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FTC Sues Maker of Body Solutions

Mark Nutritionals is accused of using false claims in the marketing of its weight-loss formula.

December 06, 2002|Ronald D. White and Robert Patrick | Times Staff Writers

Government regulators Thursday sought to slim down the amazing claims for a popular weight-loss formula called Body Solutions by suing the marketer of the product for deceptive advertising.

The Federal Trade Commission and two states, Texas and Illinois, sued Mark Nutritionals Inc. and its officers for the company's "false and unsubstantiated" claims that its products would produce weight loss without diet or exercise.

Mark Nutritionals blanketed the nation's radio waves -- including KFWB-AM (980) and KNX-AM (1070) in Los Angeles -- with weight-loss ads using the familiar and persuasive voices of local radio personalities.

The company booked more than $190 million in sales since 1999, the FTC said, by claiming that its Body Solutions Evening Weight Loss Formula bedtime drink would burn away fat while people slept, and that consumers could keep eating pizza, tacos, nachos and doughnuts.

"They are claims that from a scientific perspective are not possible," said the chief of the FTC's Bureau of Consumer Protection, J. Howard Beales.

In one ad cited by the FTC, a voice intones: "It helped me lose 36 pounds and it helps me maintain through the holidays. I mean, I ate so much over Thanksgiving, I still have turkey burps. But thanks to Body Solutions, I keep the weight off and now I'm ready for Christmas."

Beales said he expects a federal judge to sign an order requiring Mark Nutritionals to remove the words "weight loss" from the name of its product.

Mark Nutritionals filed for Chapter 11 bankruptcy protection in September.

The company said Thursday that it agreed to change its ads to address the FTC's concerns. "We are moving forward with a new way to promote and advertise our product," said Mark Nutritionals' acting chief executive, Larry Cochran. The FTC suit was filed in U.S. District Court in San Antonio. The company denied that it broke any laws.

At KFWB, newscaster Ron Kilgore was the voice of the advertisements until the station stopped airing them in the spring, said general manager Roger Nadel. Kilgore left the station in August for another job.

At KNX, traffic reporter Pat Haslam used to pitch Body Solutions until about four months ago, said General Manager George Nicholaw. He noted that he didn't think it was inappropriate for a traffic reporter to have recorded the ads.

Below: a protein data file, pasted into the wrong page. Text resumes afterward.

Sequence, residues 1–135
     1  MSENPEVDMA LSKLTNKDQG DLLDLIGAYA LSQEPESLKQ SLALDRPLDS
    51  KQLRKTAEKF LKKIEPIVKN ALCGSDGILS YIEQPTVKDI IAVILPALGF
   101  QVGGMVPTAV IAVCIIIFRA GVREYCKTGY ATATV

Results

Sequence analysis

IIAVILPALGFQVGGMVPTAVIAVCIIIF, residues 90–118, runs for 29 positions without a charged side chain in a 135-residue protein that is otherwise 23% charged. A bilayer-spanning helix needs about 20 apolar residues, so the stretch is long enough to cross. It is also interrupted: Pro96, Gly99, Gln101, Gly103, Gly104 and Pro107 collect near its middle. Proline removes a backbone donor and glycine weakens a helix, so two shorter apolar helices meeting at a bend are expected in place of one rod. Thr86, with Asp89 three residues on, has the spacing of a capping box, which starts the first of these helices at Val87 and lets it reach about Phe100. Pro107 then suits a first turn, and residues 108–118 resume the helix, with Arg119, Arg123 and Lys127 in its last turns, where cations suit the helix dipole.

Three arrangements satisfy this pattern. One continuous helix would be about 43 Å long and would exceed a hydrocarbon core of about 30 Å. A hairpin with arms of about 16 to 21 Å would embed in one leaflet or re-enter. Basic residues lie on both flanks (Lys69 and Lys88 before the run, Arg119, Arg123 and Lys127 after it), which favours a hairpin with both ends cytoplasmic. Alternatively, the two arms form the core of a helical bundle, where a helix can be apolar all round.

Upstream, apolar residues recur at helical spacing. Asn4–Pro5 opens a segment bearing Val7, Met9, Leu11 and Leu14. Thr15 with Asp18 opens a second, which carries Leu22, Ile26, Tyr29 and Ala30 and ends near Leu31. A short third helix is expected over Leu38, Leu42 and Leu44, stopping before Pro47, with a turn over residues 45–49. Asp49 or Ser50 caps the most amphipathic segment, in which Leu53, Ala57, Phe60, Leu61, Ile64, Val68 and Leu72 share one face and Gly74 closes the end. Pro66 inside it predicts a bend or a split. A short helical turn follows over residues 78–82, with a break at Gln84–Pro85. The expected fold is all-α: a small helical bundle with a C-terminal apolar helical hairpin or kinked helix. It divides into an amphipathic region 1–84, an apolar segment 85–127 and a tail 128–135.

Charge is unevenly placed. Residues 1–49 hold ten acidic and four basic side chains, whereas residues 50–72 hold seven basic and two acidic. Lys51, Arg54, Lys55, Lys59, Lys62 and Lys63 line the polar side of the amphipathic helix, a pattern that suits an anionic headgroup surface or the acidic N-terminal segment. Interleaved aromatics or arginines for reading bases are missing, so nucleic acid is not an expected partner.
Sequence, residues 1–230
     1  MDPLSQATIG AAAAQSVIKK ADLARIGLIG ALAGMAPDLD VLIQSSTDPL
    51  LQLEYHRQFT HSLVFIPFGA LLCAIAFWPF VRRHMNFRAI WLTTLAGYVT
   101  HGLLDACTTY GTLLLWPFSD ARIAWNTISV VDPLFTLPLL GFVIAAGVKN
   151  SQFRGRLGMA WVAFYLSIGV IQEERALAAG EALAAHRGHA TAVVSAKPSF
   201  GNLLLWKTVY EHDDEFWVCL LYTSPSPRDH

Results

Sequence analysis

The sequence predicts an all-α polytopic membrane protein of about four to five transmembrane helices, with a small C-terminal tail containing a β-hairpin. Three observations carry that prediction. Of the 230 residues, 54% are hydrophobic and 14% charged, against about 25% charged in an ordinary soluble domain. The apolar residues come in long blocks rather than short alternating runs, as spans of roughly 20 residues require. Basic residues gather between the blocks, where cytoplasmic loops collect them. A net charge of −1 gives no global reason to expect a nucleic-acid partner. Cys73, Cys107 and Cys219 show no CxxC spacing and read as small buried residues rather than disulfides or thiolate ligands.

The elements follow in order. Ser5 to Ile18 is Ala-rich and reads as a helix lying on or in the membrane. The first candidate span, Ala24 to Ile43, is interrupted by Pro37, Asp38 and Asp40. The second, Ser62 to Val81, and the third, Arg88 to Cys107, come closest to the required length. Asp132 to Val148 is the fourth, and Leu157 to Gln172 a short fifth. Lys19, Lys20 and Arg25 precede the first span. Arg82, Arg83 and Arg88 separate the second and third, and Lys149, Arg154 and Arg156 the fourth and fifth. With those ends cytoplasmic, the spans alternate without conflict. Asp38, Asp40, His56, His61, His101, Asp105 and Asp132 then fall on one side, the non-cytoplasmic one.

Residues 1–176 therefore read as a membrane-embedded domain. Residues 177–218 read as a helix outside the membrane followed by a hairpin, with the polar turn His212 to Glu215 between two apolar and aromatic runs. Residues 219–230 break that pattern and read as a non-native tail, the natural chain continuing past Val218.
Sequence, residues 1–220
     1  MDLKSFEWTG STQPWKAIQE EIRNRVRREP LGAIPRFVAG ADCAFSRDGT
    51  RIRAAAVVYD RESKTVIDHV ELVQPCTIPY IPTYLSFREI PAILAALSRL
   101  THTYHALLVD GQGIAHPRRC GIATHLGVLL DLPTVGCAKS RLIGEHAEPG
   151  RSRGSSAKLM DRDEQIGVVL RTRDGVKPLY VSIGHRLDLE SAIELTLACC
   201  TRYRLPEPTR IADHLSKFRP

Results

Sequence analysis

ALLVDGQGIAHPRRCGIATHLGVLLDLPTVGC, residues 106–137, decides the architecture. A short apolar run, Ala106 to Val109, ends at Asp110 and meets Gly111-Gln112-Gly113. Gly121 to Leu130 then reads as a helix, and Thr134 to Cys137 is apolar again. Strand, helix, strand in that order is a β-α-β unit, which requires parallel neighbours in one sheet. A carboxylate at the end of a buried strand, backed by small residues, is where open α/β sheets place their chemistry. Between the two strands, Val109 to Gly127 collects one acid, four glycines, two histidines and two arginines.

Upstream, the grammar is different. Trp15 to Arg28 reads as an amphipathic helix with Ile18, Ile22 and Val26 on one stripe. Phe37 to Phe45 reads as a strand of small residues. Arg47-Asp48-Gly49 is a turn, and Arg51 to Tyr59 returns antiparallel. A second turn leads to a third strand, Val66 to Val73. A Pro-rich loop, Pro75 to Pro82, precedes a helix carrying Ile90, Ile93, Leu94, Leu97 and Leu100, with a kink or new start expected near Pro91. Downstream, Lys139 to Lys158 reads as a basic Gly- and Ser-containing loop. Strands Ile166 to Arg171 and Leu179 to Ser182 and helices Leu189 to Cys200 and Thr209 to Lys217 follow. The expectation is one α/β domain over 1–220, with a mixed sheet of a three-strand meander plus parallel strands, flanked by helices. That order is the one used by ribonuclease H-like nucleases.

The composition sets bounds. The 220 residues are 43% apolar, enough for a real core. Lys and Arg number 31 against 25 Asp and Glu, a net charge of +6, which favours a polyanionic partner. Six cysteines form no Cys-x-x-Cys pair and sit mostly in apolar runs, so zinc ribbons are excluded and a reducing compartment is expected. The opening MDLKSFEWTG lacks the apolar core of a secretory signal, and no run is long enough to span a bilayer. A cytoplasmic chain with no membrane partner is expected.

Infinity Broadcasting, the parent of both KNX and KFWB, filed a $9-million lawsuit against Mark Nutritionals in September, claiming that some of its stations hadn't been paid for ads dating back to December 2001. Infinity is owned by Viacom Inc.

The FTC said in the last decade many ads have become more misleading in their claims, and the agency implored media outlets to do more to protect the public by policing pitches.

David Heber, director of the UCLA Center for Human Nutrition, said advertising standards are too lenient -- particularly for radio and TV infomercials.

Nutrition experts say between 50 million and 70 million Americans are trying to lose weight. Obesity has become the second leading cause of preventable death in the U.S., behind smoking. In turn, a $30-billion-a-year weight-loss industry has emerged.

Most experts agree that losing a pound or a pound and a half of weight a week is a reasonable goal that can be reached by moderately reducing food intake and regularly doing light exercise.

Bonnie Jortberg, program director of the University of Colorado's weight-loss program, said the Body Solutions ads were so convincing in part because they used familiar radio voices that consumers had come to trust.

In all, Mark Nutritionals peddled its products through testimonial endorsements from disc jockeys on more than 650 radio stations in 110 cities across the country. "With radio, there's also no visible evidence," Jortberg said. "No one really sees these people."

The Body Solutions ads, added Jortberg, "really play off the American passion for a quick fix. It just sounds great. Poof, there go the pounds."

Freelance writer Steve Carney contributed to this report.

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